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Dirty Air Stunts Lung Growth.

Long-term exposure to air pollutants such as nitrogen dioxide and particulate matter can cause reduced lung growth in children, and the effects are more pronounced in areas where air pollution is highest, according to findings from the Children's Health Study, a 10-year longitudinal study at the University of Southern California in Los Angeles.

Started in 1993, the Children's Health Study is following the respiratory development of over 3,000 fourth-, seventh-, and tenth-graders from 12 communities throughout California with different levels and types of air pollution. Each year the students undergo lung function tests at school. The researchers also measure levels of ozone, nitrogen dioxide, particulate matter smaller than 10 microns in diameter, and acid vapors at each test site (gasoline and diesel engine emissions are the major source for all four pollutants). Data collected during the first four years of the study were reported in the October 2000 issue of the American Journal of Respiratory and Critical Care Medicine by lead author W. James Gauderman, an assistant professor of preventive medicine at the university, and his colleagues.

Exposure to nitrogen dioxide, particulate matter, and acid vapors has been found to have the greatest association with impaired lung growth, with ozone having a statistically insignificant effect. Compared to students living in the least polluted communities, children living in the most polluted communities have shown a reduction in two measures of lung function: a cumulative 3.4% reduction in [FEV.sub.1] (forced expiratory volume) and a 5.0% reduction in MMEF (maximal mid-expiratory flow). The [FEV.sub.1], or amount of air expelled in the first second of blowing, measures how well the large and medium-sized airways in the lung are functioning, explains Gauderman, whereas the MMEF measures small airway function. Although children with reduced lung growth probably experience no outward symptoms of lung problems, they may be at increased risk as adults for chronic respiratory problems such as asthma and emphysema, says Gauderman. The longitudinal effect found in the first cohort has now been replicated in a second cohort, with identical results.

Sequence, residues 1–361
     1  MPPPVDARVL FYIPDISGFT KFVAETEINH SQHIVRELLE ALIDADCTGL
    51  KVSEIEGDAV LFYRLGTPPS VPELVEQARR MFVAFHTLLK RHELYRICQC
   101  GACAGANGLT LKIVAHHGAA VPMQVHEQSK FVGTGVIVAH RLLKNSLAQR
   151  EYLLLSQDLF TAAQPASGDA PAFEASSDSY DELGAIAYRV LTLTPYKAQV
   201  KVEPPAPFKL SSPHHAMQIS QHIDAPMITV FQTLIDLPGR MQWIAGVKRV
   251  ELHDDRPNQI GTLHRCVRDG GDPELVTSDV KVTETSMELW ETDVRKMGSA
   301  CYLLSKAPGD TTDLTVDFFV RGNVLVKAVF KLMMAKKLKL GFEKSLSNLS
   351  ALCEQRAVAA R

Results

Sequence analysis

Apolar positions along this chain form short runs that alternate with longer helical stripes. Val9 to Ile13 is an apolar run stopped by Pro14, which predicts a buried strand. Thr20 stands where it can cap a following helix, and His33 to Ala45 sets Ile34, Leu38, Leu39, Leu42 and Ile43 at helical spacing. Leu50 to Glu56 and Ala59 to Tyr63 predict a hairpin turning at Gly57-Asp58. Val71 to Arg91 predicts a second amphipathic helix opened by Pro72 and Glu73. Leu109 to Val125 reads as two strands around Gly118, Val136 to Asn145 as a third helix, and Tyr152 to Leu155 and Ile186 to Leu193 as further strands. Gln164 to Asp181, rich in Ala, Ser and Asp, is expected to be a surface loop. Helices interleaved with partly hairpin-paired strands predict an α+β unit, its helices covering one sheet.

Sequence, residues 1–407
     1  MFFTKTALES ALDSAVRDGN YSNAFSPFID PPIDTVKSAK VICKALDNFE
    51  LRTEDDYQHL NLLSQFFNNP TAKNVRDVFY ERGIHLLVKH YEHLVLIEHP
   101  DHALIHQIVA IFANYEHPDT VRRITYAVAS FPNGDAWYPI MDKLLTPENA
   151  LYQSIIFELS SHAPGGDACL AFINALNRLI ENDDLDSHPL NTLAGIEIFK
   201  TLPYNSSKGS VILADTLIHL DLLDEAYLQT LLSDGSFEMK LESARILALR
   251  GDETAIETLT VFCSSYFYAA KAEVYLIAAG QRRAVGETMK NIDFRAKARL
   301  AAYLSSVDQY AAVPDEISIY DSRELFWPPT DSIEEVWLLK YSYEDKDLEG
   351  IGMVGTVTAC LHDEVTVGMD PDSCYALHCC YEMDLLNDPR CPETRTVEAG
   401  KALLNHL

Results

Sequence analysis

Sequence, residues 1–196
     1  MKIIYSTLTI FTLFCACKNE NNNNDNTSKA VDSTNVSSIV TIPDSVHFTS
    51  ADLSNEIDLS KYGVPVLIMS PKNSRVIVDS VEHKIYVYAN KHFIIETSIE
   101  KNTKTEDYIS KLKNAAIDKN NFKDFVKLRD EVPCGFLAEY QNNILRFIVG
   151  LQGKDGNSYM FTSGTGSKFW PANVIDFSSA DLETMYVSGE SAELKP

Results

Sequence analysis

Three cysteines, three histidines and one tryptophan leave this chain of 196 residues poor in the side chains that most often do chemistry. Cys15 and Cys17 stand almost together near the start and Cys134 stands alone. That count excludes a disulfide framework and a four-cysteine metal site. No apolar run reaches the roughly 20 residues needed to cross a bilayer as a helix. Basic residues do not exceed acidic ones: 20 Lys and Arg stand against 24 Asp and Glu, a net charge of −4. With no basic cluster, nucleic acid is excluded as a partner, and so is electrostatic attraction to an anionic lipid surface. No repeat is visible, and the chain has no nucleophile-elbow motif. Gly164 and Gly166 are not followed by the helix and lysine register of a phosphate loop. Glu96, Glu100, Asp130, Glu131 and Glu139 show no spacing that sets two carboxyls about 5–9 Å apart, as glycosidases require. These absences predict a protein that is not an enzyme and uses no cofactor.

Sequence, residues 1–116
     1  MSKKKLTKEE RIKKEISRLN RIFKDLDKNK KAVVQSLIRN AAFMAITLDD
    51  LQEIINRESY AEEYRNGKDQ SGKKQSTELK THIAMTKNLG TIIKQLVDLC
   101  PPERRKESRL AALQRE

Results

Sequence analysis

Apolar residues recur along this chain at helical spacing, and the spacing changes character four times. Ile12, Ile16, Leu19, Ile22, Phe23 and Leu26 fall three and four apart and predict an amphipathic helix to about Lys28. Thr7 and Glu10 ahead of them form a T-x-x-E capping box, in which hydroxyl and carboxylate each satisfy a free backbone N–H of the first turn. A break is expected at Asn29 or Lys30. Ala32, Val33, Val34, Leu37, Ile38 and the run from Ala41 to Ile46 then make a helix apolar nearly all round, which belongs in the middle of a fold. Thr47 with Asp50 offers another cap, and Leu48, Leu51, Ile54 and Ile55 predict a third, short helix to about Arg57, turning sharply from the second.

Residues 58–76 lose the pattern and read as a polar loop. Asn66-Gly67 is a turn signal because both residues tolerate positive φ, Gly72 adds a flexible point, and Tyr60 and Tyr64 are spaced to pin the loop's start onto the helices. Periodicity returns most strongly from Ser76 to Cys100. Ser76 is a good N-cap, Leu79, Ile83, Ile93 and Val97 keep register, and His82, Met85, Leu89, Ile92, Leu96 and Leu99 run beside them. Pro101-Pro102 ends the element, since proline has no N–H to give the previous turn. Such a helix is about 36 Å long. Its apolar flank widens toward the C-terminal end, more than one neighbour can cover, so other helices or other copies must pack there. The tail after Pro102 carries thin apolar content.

Children who spend the most time outdoors experience the greatest effect of air pollution on their lung function. Generally, advises Gauderman, children should minimize outdoor playing on high-pollution days. Reports on regional air pollutant levels are often available through TV weather channels and local meteorology offices.

"No one else has followed a cohort of schoolchildren of this age for this long a time," says pulmonologist David Bates of the University of British Columbia in Vancouver. He says the study's findings are "a major contribution" in understanding the long-term consequences of air pollution on children's lungs. Moreover, in 120 of the children who moved out of the study area and were tracked separately, lung function growth was greater in those who moved to cleaner environments compared to those who moved to more polluted areas. This is a "striking confirmation of the longitudinal study," Bates adds.
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Author:Potera, Carol
Publication:Environmental Health Perspectives
Date:Jun 1, 2001
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